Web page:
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issue #19, January 15, 2019
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the wake-up swim

thoughts on swimming, coaching, and more from ryan woodruff
Old pools have always been fascinating to me. This four-lane gem at Omaha South High School in Nebraska was built inn the 1930s.  Picture shared with us by Coach Jimmy Parmenter (@btaquatics_ne).
“You don't have to love the hard work. You just have to crave the end result so intensely that the work becomes irrelevant"
-Tim Grover
  This past weekend I spent my day off traveling with my family... to a swim meet. Ordinarily, I don't seek out more meets to attend when I have a day off.  But this was a special case.  One of my former swimmers was swimming in his final collegiate dual meet just a 90-minute drive away.  While I was happy to be there to support him on Senior Day, for me it was more about seeing him finish what we started.
  Reasons to coach can certainly be as varied as the personalities in this profession.  For me coaching is about helping others realize their potential as people and as athletes. The chance to show others that they are capable of achieving far beyond their perceived limits has always been my motivation.
  My career has led me to coach at the high school, club, and college levels.  Though it took me awhile to realize it, the club level is where I find the most satisfaction. Swimmers join clubs most often as young kids, and club coaches get to help them develop into young adults.  Club coaches are there for the transition from "I might be able to do this" to "YES, I can DO this." It is this transition that is so powerful to watch and facilitate.
  So I spent my off day the same way I spend many of my work days.  But to have the chance to see a swimmer complete a successful career was worth a month's worth of days off in motivation and satisfaction. -RW
loosening up
parent article

Your Kid WILL Fail (And That's O.K.) by Ryan Woodruff

The idea of failure as a requirement for future success has become a popular notion lately in the self-help genre.  In swimming, where there is always 1 "winner" and 7 "losers" in a heat, failure can seem particularly frequent. Though it can be beneficial in the long run, failure can be hard to deal with for both swimmers and parents.  Consider the following:
  • Success is not the same as winning. It is possible to succeed and not win.
  • Failure is not the same as defeat.  A swimmer can fail and still be victorious.
When your swimmer fails, it is important to not blow it up into something bigger than what it is -- a terrific learning opportunity.

How not to amplify failure for your swimmer:
1. Keep your eye on the big picture.  One swim will not make or break your swimmer's career.
2. Study how your kid reacts.  Does he or she interpret the swim as a failure? That matters far more than what we as parents and coaches think. If your swimmer seems to be looking to your interpretation of success or failure, encourage him to give his evaluation.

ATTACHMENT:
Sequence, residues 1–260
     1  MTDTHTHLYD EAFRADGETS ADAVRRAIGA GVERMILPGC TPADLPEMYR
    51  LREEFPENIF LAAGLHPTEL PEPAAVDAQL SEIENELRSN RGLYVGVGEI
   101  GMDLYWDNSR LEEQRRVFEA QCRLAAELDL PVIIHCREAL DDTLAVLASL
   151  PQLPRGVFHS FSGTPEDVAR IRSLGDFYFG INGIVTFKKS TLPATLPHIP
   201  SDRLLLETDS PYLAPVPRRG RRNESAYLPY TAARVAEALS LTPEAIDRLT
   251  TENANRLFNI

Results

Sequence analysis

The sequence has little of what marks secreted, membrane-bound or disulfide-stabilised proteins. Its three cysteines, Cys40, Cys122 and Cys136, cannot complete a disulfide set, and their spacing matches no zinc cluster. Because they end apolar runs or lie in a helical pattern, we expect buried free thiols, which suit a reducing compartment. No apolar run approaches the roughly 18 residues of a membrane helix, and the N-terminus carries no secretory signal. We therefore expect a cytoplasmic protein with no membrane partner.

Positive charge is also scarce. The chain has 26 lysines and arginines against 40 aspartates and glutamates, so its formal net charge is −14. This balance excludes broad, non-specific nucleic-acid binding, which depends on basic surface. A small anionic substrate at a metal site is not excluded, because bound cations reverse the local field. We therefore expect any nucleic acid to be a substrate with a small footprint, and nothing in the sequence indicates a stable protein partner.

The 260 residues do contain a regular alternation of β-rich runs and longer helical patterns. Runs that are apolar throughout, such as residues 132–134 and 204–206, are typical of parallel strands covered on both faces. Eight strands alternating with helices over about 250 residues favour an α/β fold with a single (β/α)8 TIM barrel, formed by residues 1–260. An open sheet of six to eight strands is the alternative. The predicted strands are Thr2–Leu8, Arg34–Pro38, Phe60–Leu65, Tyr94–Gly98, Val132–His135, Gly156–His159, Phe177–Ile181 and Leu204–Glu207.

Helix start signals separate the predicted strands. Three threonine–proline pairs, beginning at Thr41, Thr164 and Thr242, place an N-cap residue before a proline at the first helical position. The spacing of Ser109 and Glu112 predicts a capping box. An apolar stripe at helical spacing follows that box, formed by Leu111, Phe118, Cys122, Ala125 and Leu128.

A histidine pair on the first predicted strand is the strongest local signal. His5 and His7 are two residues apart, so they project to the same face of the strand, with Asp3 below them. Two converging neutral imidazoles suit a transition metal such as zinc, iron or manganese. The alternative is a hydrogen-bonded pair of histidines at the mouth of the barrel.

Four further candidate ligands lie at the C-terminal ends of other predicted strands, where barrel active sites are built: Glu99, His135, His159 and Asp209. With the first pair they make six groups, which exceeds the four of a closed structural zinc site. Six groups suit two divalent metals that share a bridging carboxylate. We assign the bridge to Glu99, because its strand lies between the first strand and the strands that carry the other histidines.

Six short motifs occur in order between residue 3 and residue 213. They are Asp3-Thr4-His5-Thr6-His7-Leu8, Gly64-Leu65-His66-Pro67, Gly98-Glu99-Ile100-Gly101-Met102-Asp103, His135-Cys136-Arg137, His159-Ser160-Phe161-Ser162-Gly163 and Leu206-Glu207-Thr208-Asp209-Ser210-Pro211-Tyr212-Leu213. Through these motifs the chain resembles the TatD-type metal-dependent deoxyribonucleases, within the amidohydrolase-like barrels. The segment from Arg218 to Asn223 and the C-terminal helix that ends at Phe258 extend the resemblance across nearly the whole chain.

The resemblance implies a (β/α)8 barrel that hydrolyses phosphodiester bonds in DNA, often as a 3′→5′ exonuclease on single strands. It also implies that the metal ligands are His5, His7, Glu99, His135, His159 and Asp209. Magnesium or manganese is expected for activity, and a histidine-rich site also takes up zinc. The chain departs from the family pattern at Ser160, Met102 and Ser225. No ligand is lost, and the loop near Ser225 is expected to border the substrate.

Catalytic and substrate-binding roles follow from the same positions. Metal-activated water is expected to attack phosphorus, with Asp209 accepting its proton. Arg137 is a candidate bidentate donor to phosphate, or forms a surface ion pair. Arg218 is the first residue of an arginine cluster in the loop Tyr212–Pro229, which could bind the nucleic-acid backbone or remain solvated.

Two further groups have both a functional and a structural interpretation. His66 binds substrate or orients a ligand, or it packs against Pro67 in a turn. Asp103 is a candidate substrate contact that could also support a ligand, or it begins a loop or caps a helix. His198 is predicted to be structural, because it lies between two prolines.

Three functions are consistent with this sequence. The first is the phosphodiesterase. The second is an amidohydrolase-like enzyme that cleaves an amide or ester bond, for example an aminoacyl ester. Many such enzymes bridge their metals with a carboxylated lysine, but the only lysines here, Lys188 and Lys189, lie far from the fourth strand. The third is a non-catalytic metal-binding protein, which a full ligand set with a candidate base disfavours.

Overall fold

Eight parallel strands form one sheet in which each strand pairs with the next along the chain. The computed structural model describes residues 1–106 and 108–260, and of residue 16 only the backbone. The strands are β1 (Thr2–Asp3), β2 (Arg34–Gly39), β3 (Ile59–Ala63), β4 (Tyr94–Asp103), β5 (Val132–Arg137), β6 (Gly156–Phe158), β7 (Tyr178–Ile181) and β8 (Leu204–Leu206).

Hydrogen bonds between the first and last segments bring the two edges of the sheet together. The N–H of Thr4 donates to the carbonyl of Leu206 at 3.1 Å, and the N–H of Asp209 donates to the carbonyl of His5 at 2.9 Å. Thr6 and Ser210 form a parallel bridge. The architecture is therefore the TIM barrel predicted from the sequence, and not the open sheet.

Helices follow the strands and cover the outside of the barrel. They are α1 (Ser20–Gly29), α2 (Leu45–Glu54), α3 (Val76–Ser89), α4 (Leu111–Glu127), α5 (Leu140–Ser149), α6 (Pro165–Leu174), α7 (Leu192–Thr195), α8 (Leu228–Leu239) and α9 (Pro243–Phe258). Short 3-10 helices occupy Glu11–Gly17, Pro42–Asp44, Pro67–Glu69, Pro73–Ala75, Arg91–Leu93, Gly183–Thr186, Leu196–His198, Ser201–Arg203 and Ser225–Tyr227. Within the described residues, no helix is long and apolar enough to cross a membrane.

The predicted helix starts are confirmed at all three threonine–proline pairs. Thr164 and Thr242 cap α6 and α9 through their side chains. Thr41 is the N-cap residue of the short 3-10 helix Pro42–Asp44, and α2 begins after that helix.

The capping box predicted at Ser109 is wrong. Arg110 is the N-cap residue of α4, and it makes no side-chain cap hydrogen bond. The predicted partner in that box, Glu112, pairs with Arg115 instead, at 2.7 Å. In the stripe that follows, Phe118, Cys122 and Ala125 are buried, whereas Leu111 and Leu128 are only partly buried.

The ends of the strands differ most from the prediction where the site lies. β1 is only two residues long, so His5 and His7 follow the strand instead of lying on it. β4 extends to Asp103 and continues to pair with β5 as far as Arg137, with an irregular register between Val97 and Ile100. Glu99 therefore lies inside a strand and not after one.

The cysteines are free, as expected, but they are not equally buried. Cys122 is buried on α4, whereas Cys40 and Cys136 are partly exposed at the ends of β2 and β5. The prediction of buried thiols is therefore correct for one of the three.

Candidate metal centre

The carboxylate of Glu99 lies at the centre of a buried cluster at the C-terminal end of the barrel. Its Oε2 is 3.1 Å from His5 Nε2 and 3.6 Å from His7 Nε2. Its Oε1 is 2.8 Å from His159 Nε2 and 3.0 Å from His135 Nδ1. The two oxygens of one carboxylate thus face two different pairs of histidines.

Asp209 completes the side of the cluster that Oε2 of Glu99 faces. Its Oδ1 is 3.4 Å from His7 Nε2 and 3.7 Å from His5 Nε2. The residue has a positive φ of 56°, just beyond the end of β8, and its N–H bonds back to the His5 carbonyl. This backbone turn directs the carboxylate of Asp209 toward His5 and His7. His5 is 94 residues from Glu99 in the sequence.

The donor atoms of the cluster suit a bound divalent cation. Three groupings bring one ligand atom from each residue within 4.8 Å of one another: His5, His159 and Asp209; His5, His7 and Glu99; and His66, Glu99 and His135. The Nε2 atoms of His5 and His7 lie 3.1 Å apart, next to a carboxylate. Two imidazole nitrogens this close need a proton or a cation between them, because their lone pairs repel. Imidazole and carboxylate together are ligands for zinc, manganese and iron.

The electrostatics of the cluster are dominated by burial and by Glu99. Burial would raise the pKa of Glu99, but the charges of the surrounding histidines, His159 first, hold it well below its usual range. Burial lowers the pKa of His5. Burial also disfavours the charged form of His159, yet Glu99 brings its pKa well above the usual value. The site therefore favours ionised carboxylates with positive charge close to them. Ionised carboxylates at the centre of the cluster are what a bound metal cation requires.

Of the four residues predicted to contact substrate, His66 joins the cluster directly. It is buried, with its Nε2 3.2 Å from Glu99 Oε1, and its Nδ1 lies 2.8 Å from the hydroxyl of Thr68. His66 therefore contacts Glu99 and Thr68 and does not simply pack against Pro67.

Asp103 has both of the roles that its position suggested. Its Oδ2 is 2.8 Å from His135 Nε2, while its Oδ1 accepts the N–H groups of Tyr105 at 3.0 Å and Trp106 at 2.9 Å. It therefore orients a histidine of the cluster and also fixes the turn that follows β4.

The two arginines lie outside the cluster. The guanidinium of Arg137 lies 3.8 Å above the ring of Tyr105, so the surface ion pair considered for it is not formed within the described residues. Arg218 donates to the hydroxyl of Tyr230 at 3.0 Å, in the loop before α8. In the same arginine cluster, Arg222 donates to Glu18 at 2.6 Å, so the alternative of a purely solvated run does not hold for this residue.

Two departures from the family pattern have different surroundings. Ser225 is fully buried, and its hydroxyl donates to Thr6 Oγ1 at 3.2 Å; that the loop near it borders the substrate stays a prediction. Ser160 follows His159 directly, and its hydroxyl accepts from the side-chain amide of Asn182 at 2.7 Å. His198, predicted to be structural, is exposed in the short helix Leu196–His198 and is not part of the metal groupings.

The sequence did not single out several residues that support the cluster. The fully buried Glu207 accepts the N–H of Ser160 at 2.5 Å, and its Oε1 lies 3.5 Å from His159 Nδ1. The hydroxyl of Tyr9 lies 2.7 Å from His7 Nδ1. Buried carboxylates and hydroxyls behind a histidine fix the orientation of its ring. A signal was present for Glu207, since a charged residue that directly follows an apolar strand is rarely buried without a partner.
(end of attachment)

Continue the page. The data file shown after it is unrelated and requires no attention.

3. Don't make excuses for your child.  Saying things like "Well, the water here is really cold" or "If only you had someone better to race" might technically be true but this takes the control for the performance out of the hands of the swimmer and places it at the whim of circumstance, possibly creating a handicapping belief for future races.
4. If you are disappointed for your swimmer, that's O.K., but don't heap it on him or her.  Meeting internal expectations is hard.  Carrying the emotional baggage of others is even more difficult.
5. Avoid bringing up the performance of others.  One of the great things about our sport is that we have a yardstick of performance that does not depend on anyone else.

A swimmer's career is full of ups and downs, mountains and valleys. A valley is a valley because of the mountains on either side of it. You can help your swimmer get to the peak by not making a verdant valley seem like a desolate canyon.
 
swimming videos of the week

1. This looks incredible.  Fun ideas and a killer workout!


 

2. It's still a beautiful thing to watch... Phelps' butterfly from 2016:


 
favorite stuff from the blog
  • Boom!!! Was one of our best sprint workouts recently.  They got really engaged in racing each other and did some excellent power work.
  • Training butterfly with uncompromised technique is critical.  With narrow lanes and long-limbed swimmers, that can be tough.  This Butterfly Rhythm Set that we did on a day when part of the group was away at a meet was excellent for our flyers.
  • Coach Mike Cook of the Mason Makos has been an consistent contributor in the past year, and this week he gave two excellent age group IM sets: Quality IM and this set with no intervals.
  • Buckets are a core part of our training.  This Broken Set with Buckets was one of our recent bests.
  • Excellent kick set idea/format: Burning the Legs and Lungs
  • You can take this idea and do it a million different ways: Stopwatch Roulette
  • Sometimes I like to combine swimming and dryland in a little Hybrid Set.
coaching inspiration
 
"It's not what you preach, it's what you tolerate."
-Jocko Willink
Ex-U.S. Navy SEAL, Author of Extreme Ownership
That's all for issue #19. I hope it has been a satisfying week in coaching for you. My only ask is that if you find this newsletter worthy that you forward it to a friend.
If you are new to this newsletter, you can sign up here.

Happy Coaching,


Countdown to Tokyo: 556 Days
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the wake-up swim and The Swimming Wizard blog.
Copyright © 2019 Ryan Woodruff, All rights reserved.


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Ryan Woodruff · 801 Wyndhurst Drive · Lynchburg, VA 24502 · USA

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